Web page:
For better or worse (mostly worse), modern presidential campaigns now begin at least two years before the next election. This means that the 2024 campaign will begin no later than November 9, 2022.
This timing presents President Joe Biden and his fellow Democrats with a major dilemma.
Campaigns take time, as there will be jockeying for money, media exposure and endorsements. Incumbent presidents almost always are presumed to have an advantage and, usually, are reelected.
COVID will likely be behind us, so potential candidates will no longer be able to campaign from their home basements as Biden did in 2020. We can expect the 2024 contest to resemble a more traditional, vigorous presidential campaign.
When asked recently, Biden, age 79, indicated that he will run for reelection in 2024 with Vice President Kamala Harris as his running mate. What else could he say? A “no” response would have branded him an instant lame duck.
But how realistic is a Biden reelection campaign in 2024? If he is sworn in for a second term on January 20, 2025, he will be 82 years old.
When scripted – whether on domestic policy or foreign policy issues – President Biden is barely convincing. When unscripted, his gaffes, silences and rambling non-sequiturs are alarming.
At the end of his highly anticipated first State of the Union address, Biden shouted: “Go get ‘em!” What did he mean? To whom was he speaking?
It is increasingly clear that Biden will not be physically or mentally able to serve a second four-year presidential term. Anyone who thinks differently is ignoring reality. Tucker Carlson has already urged impeaching Biden under the 25th Amendment to the U.S. Constitution given the president’s declining faculties.
That route leaves us with President Kamala Harris. Ponder that possibility.
The issue turns on timing. If Biden does decide not to run, when should he make his announcement? If too early, his presidency is over. If too late, he hobbles the Democrats’ ability to rally behind someone other than Kamala Harris, who has demonstrated thus far her manifest incompetence on both national and international stages.
If today’s trends continue, Democrats can be expected to lose control of both the House and Senate this November. Should that happen, Biden will be a spent political force.
In 2020, when Biden received seven million or so more votes for president than Donald Trump, he had no political coattails whatsoever. In fact, the reverse happened: Democrats lost a dozen House seats and only tied the Senate.
Biden’s approval rating currently hovers around 40% – a dreadful figure for a first-year president. A recent Grinnell College National Poll found Biden’s approval at 34%.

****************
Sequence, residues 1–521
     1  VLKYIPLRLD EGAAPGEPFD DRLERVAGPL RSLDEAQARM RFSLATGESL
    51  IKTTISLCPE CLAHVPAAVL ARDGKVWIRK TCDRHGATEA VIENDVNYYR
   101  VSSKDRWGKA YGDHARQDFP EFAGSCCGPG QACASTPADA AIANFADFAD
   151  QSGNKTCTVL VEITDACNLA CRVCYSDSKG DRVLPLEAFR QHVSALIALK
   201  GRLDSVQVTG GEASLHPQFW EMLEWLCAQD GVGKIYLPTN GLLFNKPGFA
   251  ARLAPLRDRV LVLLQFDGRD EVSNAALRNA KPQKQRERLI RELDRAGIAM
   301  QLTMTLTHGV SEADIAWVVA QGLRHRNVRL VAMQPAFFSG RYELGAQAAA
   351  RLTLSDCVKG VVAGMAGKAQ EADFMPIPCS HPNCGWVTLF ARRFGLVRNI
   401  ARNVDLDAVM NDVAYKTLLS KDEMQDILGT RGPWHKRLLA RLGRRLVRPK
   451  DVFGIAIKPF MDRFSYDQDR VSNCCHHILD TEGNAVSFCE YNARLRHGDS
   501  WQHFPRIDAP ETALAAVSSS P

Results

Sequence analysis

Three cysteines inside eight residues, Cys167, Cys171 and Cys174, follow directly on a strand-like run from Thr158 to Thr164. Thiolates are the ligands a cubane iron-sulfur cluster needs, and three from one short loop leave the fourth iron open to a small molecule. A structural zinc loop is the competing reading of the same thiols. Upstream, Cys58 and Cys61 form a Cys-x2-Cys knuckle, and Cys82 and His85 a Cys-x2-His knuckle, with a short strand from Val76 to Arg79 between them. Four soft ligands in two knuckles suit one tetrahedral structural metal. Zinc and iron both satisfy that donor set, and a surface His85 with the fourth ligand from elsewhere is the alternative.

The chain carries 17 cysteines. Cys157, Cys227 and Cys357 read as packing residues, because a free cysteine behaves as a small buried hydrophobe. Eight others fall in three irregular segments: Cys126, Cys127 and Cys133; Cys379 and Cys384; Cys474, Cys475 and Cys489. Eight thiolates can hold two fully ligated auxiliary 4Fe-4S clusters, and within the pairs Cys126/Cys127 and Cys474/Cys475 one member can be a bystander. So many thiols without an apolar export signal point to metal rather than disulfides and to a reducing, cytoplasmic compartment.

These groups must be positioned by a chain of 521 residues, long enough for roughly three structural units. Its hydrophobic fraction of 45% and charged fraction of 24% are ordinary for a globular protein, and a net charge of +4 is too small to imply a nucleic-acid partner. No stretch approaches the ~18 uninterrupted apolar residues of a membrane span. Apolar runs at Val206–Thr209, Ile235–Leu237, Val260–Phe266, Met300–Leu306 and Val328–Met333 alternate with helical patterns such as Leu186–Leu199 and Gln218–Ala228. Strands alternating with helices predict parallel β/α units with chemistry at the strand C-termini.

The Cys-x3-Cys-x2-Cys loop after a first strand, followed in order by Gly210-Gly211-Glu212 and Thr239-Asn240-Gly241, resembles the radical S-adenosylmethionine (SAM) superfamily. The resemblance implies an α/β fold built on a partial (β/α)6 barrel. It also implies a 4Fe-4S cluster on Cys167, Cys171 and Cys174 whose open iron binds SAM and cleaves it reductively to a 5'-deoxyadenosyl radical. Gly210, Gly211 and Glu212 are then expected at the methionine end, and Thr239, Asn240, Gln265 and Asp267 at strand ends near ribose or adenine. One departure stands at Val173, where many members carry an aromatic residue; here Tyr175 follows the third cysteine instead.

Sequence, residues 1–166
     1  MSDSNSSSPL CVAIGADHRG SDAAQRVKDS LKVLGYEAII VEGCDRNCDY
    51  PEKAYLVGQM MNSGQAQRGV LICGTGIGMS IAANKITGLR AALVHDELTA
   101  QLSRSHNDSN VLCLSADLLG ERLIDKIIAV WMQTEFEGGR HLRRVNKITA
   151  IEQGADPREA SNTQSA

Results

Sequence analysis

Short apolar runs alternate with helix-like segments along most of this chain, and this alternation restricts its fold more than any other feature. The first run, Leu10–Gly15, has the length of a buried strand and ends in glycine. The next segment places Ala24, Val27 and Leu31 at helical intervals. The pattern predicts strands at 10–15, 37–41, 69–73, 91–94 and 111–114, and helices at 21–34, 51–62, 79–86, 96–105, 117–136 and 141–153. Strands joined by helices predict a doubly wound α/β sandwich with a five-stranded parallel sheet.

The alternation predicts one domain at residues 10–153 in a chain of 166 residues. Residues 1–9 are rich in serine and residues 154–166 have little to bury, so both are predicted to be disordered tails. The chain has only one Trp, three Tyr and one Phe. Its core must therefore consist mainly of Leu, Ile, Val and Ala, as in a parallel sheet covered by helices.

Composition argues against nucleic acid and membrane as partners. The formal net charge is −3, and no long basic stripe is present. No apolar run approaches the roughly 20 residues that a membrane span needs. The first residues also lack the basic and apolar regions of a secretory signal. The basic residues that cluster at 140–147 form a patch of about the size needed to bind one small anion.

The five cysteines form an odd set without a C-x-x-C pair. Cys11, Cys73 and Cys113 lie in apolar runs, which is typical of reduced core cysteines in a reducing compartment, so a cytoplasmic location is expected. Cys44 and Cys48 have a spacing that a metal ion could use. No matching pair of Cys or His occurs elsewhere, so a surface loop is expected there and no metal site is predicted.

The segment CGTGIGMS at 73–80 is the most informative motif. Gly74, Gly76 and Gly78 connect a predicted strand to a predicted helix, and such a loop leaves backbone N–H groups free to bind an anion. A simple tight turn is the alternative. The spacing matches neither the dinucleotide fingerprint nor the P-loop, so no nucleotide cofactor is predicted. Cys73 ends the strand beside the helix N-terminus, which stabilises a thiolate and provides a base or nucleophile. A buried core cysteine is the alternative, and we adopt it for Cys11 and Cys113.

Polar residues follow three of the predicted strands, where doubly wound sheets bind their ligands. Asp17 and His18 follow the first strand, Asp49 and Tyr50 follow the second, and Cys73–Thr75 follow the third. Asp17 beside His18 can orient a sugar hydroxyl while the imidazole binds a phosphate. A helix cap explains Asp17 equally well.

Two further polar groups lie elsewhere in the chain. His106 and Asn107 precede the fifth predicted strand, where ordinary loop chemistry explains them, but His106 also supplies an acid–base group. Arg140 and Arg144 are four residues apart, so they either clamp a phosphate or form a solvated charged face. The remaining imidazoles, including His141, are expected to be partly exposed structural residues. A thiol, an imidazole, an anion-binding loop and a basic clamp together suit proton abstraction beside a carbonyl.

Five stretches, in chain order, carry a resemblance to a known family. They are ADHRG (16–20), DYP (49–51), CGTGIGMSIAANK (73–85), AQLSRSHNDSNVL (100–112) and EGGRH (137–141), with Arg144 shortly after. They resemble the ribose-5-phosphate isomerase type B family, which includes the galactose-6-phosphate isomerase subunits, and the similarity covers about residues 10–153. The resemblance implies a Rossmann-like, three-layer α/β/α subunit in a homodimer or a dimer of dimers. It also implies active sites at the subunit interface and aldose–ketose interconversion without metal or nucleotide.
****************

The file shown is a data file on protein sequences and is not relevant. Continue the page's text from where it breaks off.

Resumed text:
But, hey, what the heck? The Biden White House can take solace from former French president Francois Hollande, whose approval rating once sunk to a “friends-and-family-only” low of four percent. Hollande later wisely decided not to seek reelection.
If COVID ultimately peters out before November and inflation starts to recede, it’s possible that Biden’s popularity might stabilize and drift upwards.
It’s still likely, however, that our southern border will remain out of control, alarming crime rates will continue and external challenges from China, Cuba, Iran and Russia will threaten. Additionally, changes in macroeconomic trends are notoriously slow: there’s usually a public-recognition lag time of several months.
Biden’s chosen “heir apparent,” Kamala Harris, while 22 years Biden’s junior, will never be capable of handling the presidency. Were Democrats to nominate her as Biden’s successor, they would be inviting a political disaster that would make Barry Goldwater’s 1964 blowout loss to Lyndon Johnson look like a close election.
There remains just one possible, politically viable option for Biden and his party: he should invoke the 25th Amendment himself and announce in January 2023 — perhaps during his next State of the Union speech — that he will serve just one term in the White House.
During the remaining 24 months of his presidency, Biden could abandon partisanship and pursue what he believes are the nation’s best interests. He might even be able to rise above hyper-partisanship and progressive wokeism, reposition Democrats as centrists, and help establish that national-unity agenda he promised on January 20, 2021.
Under this scenario, with Biden as elder statesman, the Democrats could conduct a wide-open, healthy primary for their 2024 nomination.
Watch closely what happens after November’s midterm elections. If there’s a GOP landslide, Biden will have to declare his intentions in January 2023.
Charles Kolb served as Deputy Assistant to the President for Domestic Policy from 1990-1992 in the George H.W. Bush White House